The Bulls advanced to the Eastern Conference Finals in 1989 and 1990 but fell to the Pistons both years. Before the 1989-90 season, Chicago promoted Phil Jackson from assistant coach to head coach. Jackson stressed a team-oriented defense and a complex offense that made the most of Jordan and Pippen’s scoring talents. In his second season (1990-91), Jackson led the club to the NBA Finals, where the Bulls captured the franchise’s first NBA championship, defeating the Lakers in five games. In 1991-92 the Bulls won 67 games and defeated the Miami Heat, the New York Knicks, and the Cleveland Cavaliers in the Eastern Conference playoffs. In the NBA Finals they defeated the Portland Trail Blazers in six games. Jordan won the most valuable player (MVP) award for both the regular season and the NBA Finals, and he led the league in scoring with 31.2 points per game.

With a lineup that featured Jordan, Grant, Pippen, guard B. J. Armstrong, and center Bill Cartwright, the Bulls won their third consecutive championship in 1993, defeating the Phoenix Suns in six games. The Bulls became one of only three teams to win three or more consecutive NBA titles. (The other two are the Minneapolis Lakers, who won titles from 1952 through 1954, and the Boston Celtics, from 1959 through 1966.)

Before the 1993-94 season Jordan announced his retirement from basketball. Without Jordan the Bulls remained a Central Division powerhouse as Pippen, with rookie forward Toni Kukoc, led the franchise to a 55-27 record. In the postseason the team fell to the Knicks in the conference semifinals. Jordan rejoined the Bulls late in the 1994-95 season and helped the club advance to the conference finals, where it lost to the Orlando Magic.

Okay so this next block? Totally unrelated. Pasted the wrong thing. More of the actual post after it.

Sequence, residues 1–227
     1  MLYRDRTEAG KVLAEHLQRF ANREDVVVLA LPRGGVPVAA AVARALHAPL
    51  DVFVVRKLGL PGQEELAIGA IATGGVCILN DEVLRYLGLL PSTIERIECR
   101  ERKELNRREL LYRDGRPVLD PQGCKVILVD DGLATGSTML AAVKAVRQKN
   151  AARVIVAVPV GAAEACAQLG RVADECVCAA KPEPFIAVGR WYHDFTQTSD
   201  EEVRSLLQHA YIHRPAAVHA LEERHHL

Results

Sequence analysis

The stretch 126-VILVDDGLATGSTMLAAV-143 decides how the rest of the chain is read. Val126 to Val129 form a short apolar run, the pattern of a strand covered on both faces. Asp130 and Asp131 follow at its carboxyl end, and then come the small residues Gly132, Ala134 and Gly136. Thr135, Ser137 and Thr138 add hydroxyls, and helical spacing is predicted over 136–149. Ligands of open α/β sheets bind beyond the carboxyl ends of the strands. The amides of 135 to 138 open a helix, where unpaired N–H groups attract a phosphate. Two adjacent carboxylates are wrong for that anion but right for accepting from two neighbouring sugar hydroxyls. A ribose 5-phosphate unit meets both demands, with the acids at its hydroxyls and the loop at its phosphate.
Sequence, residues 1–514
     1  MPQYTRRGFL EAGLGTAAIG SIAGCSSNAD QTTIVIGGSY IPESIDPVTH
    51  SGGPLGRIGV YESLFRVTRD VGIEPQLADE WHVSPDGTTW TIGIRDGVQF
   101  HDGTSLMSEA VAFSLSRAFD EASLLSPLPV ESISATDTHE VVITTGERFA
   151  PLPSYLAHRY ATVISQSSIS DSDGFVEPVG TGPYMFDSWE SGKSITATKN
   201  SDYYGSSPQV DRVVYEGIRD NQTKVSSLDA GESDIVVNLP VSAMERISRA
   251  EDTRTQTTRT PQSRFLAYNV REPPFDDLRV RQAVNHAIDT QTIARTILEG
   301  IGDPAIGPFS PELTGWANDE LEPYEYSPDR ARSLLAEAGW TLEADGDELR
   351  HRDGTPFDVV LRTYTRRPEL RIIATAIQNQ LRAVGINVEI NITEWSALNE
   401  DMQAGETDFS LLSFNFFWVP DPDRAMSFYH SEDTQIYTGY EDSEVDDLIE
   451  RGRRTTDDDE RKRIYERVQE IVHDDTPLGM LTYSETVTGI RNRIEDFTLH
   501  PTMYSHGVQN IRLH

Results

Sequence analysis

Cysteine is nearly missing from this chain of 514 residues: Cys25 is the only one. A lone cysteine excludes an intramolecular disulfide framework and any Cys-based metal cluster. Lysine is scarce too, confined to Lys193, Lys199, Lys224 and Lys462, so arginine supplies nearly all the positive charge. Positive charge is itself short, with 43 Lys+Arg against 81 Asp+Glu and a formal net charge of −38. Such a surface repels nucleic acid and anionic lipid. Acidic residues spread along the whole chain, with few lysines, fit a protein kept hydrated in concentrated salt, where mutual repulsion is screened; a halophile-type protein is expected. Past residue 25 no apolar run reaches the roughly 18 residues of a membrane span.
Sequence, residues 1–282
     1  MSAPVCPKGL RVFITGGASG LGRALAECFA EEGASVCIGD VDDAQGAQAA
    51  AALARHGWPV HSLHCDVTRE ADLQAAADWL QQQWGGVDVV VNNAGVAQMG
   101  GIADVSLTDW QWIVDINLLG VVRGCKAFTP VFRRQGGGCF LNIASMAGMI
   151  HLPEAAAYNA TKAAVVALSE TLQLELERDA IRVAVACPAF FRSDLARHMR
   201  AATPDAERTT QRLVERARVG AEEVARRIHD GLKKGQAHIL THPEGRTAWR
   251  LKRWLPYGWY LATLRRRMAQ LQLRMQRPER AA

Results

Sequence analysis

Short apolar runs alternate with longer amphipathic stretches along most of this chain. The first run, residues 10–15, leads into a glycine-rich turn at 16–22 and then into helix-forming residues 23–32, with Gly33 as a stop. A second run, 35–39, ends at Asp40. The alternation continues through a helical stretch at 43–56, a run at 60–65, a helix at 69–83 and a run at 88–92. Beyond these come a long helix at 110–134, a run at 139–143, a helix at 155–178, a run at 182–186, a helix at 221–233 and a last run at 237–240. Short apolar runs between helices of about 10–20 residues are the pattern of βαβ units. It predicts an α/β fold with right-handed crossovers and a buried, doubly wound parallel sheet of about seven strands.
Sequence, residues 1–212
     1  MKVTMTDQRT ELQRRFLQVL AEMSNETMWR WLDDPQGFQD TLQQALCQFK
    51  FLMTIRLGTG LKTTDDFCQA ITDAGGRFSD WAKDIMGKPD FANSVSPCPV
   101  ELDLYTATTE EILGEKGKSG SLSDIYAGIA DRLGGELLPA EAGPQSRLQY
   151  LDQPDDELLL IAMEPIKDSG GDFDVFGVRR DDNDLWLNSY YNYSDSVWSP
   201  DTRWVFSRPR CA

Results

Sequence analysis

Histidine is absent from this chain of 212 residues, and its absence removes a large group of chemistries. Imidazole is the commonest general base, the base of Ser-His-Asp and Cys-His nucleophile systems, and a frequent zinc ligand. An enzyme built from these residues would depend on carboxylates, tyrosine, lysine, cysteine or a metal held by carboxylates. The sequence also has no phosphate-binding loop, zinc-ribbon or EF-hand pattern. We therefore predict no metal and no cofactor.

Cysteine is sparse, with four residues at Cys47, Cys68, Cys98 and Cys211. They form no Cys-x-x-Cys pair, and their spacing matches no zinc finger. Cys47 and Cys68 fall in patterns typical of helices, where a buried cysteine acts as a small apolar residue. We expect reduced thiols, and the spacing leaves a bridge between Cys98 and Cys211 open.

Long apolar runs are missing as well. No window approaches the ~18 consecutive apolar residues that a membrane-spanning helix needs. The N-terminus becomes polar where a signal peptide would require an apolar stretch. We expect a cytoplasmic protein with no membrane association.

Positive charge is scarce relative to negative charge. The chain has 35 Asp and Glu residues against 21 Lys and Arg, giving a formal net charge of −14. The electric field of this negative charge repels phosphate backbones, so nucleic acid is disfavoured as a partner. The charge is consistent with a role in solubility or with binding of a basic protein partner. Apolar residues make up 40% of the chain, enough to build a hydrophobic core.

Before the 1995-96 season the Bulls signed forward Dennis Rodman, who had been the league’s leading rebounder for four consecutive seasons. The trio of Jordan, Pippen, and Rodman powered the Bulls to 72 wins, breaking the NBA record for the most wins in a single season. (The previous record of 69 was held by the 1971-72 Lakers.) The Bulls defeated the Seattle SuperSonics in the 1996 NBA Finals, four games to two, to capture the club’s fourth NBA championship. The Bulls posted a 69-13 record during the 1996-97 season behind the team’s top scorers, Jordan and Pippen. Rodman, Kukoc, and center Luc Longley provided rebounding and outstanding defense to complete a team that dominated the Eastern Conference. In the playoffs Chicago swept the Washington Bullets, then defeated the Atlanta Hawks and Miami Heat. In the NBA Finals, the Bulls bested the Utah Jazz, 4 games to 2, to capture their fifth championship in seven seasons.

Chicago finished the 1997-98 regular season with a 62-20 record. The Bulls then bested the New Jersey Nets, the Charlotte Hornets, and the Indiana Pacers to advance to the NBA Finals against the Jazz. In the championship series, the Bulls again defeated the Jazz, 4 games to 2, and Jordan was named the series MVP. Shortly after the victory, Jackson, who had coached the club to six NBA championships, announced he was leaving the team to pursue other interests.

Before the start of the lockout-shortened 1999 season, the Bulls’ top players departed from the team and the club entered a rebuilding phase. Jordan retired, and then the club traded Pippen to the Houston Rockets and Longley to the Phoenix Suns. Rodman became a free agent and signed with the Los Angeles Lakers. The Bulls finished the 1999 season with a record of 13-37 and failed to make the playoffs.